Update, Sunday 28th November: The bidding prayer was included at the Mass I attended, using the exact wording requested by the Bishop. No explanation or context was given. There was no mention of nascent life, the embryo, the unborn child, or the child in the womb. There has been no mention of the day of prayer in the weekly newsletter, either last Sunday or this.

Tuesday, 23 November 2010

Pope Benedict and the Graham Greene Scenario

I had hoped to draw this analogy out in more detail: the soul, apparently lost in sin, and yet, the glimmer of hope for salvation ...

But, do you know, I think I'll give it a miss. Except to say one thing: that it will be an appalling thing if, as a result of the maelstrom of false interpretation, vulnerable wives who have so far managed to resist the overtures of their HIV-infected husbands, find themselves under pressure to give way, on the false claim that condoms are both "approved" and "safe".

I don't intend to repeat what is well known about the incomplete security of condoms. We're not talking simply about "accidents" here, or "taking a chance": we are talking about death, and about orphans. Yes, it would be an appalling thing.

Amidst all the confusion spread by the secular media and, as I am led to believe (Sorry, I can't bear to read them), by one or two Catholic commentators and spokesmen, there have been shining examples of robust defence and clarification. I can't approach their quality. You can find most of them as links from that ever-useful listing-site, British Catholic Blogs, but here is a selection:

A loyal but frank critique, from Fr Boyle of Caritas in Veritate:
Did the Pope say it's okay to use condoms?

Detailed background, from Fr Finigan of The Hermeneutic of Continuity:
Can we disagree?
Catholic Reactions
Divisions at the Vatican
"Do you think that's wise, Sir?"

A clear analysis and defence from Fr Hunwicke, the Anglo-Catholic (and, I hope and pray, Ordinariate-bound) priest whose blog is entitled Fr Hunwicke's Liturgical Notes.

And, to conclude the list, a short but very clear post from Ben Trovato, the Countercultural Father. I particularly liked this:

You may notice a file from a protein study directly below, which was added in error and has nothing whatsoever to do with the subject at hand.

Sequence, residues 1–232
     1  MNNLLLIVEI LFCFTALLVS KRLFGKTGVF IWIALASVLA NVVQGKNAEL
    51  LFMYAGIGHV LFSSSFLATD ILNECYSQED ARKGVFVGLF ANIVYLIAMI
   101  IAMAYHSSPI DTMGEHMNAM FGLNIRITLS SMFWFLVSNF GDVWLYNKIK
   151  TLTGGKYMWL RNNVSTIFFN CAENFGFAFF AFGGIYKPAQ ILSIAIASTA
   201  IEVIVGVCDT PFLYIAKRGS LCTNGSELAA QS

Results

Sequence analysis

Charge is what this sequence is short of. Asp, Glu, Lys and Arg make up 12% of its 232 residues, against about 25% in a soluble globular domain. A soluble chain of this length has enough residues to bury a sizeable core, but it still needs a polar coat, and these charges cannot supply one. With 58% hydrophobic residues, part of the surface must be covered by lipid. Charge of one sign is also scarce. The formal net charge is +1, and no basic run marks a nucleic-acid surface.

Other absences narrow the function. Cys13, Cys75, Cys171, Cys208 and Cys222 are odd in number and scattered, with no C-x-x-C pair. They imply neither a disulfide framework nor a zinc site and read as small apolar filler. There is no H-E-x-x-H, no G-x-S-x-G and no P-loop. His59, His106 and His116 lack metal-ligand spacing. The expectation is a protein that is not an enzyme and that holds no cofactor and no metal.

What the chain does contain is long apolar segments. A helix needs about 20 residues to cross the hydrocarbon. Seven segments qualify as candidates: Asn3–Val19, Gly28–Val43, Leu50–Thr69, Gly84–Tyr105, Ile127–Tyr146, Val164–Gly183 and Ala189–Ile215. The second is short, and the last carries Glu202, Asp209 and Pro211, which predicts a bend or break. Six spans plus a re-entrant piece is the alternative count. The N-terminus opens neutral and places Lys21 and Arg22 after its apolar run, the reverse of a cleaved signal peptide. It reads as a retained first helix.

What he [the Pope] actually said was very specific: in the case of somebody who is in a very bad place, then the intention of minimising harm to others might be the start of a moral awakening.

Valiant as these and others have been, it is surely, to use the modern idiom, "down to" the Holy Father to sort this out personally, not only because the misunderstandings have sprung from his own words, but because he is the only person with the authority to do so. Do you remember the searing letter he wrote at the time of the Williamson controversy? Is this now the time for another such letter? If so, his words will somehow have to be heard above the din of the media storm.

My brain feels as if someone has been polishing it with sandpaper. I'm going to give it a rest for a few days. ITV3 is repeating episodes of Foyle's War all this week. A diet of bombs, murder and mayhem is just what I need to soothe my frazzled nerves.

Thursday, 18 November 2010

Times gone by: Iconoclasm in an English village church

The pretty village of Aldbourne, in Wiltshire, is near enough to our home to make a pleasant day out, with a good lunch at one of the village pubs. The picture is courtesy of Wiltshire County Council.

The village, and the exterior of the church, came to fame in 1971 as the location of one of Doctor Who ’s adventures; for it was here, as enthusiasts will recall, that Jon Pertwee encountered The Daemons. If you are nervous, perhaps it’s best not to open the link !

There are two family monuments in the church. One, which includes two kneeling figures, is here:

The other, designed originally for two people, contains a group of six figures:

According to the parish leaflet, the figures appear to be unrelated to the family for whom the monument was built. Whether this is the case or not, someone evidently thought them worth keeping; and thank goodness, because they are very fine.